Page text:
Q: Why was the Tetra-Lever Swingarm system used? A: The Tetra-Lever Swingarm was chosen because it offsets the lifting or squatting tendency of shaft drives when the throttle is opened or closed. The highly rigid, dual-sided, 4-link system which makes the bike behave as if it were a chain driven bike. The TetraLever system does this by constantly keeping the motor output drive on the same plane as the final drive at the The Tetra-Lever Swingarm in motion rear hub. Another benefit of this design is it effectively transfers the engines massive torque and power to the pavement while allowing designers to tune both dimension and damping characteristics from the drive train for smoother motion. Q: How does the Concours compare to the BMW and Yamaha FJR? A: The Concours 14 is unique in its market position. Compared to the other two, its more a sport bike with bags, without some of the ultra-luxury features seen on the BMW. And while the FJR may weigh less, the C14 (at 606 lbs for the standard model and 615 lbs with ABS) has it trumped on sport bike handling and performance. A large part of this is due to better mass centralization and its Tetra-Lever swingarm, beefy inverted 43mm fork with radial mounted calipers and Variable Valve Timing system. All these refinements increased weight in the end, but were all items that allowed us to define the character of this bike. Q: Is the seat too firm for touring duties? A: The seat is relatively firm, but after a long-distance ride you feel less tired. Also like a sport bike, the seat transmits good feedback from the chassis. A softer seat gives a good first impression, but sacrifices chassis feel and leaves you more fatigued after a long ride. This was quite clear in our development experience. The rear seat is shaped and cushioned for comfortable tandem riding.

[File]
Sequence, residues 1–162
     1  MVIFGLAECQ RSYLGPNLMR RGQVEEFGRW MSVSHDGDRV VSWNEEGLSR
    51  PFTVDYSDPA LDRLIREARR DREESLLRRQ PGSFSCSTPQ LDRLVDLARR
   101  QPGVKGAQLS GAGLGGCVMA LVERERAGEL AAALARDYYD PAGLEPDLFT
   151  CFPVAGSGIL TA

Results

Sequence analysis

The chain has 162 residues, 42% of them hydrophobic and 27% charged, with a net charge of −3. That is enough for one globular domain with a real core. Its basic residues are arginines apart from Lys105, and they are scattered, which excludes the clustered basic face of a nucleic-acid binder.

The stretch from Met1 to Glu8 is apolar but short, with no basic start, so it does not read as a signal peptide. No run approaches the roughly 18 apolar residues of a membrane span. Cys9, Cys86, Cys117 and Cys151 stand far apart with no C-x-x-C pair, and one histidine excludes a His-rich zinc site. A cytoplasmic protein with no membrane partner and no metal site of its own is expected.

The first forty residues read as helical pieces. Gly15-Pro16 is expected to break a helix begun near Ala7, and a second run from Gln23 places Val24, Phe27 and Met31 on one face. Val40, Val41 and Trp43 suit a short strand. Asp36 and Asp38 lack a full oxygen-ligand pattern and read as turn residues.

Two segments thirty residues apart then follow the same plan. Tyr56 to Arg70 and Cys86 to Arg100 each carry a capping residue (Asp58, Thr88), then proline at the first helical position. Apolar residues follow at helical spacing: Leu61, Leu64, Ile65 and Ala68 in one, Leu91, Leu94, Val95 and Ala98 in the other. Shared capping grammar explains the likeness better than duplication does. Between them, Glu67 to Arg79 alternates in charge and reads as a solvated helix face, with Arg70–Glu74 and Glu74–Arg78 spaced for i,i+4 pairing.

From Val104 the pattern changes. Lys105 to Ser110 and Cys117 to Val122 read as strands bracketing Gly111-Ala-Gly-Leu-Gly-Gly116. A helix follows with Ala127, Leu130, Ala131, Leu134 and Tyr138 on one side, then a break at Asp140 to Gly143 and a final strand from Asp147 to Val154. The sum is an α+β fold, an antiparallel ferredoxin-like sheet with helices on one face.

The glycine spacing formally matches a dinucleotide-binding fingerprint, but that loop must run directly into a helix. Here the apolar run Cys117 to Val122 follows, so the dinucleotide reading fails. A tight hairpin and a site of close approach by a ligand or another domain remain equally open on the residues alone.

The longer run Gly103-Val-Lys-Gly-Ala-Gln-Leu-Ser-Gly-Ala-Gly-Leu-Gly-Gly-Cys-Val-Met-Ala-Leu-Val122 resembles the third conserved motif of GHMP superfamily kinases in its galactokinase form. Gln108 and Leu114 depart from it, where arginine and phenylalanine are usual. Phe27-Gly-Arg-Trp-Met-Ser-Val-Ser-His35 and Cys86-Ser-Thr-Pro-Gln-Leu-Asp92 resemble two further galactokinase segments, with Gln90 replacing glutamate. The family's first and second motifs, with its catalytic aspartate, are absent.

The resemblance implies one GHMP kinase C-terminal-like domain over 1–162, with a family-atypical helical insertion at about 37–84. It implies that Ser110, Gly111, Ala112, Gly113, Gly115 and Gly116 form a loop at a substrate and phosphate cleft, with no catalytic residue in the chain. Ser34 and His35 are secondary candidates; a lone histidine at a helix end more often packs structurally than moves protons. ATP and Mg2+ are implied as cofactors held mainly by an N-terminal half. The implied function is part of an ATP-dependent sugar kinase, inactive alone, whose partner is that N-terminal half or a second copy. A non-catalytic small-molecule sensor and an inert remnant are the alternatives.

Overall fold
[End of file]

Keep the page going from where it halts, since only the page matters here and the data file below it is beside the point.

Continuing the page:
Q: Tell us about the electrically adjustable wind shield. A: The wind screen is designed to balance touring wind protection with good sport styling. It is a bit compact compared to existing sport tourer models, but its sufficient for normal cruising and offers better visibility when riding aggressively on winding roads. For taller riders and those who want more, Kawasaki will have an accessory screen that is larger and has a flared shape for increased wind protection.
Wind protection at the touch of a button
Q: Is there a speed limitation to wind screen movement? A: No, you can operate the electrically driven windscreen at any speed. However, as you go faster, the pressure differences grow, so you should exercise caution as with any movable windscreen at speed.
Screen adjustment at all speeds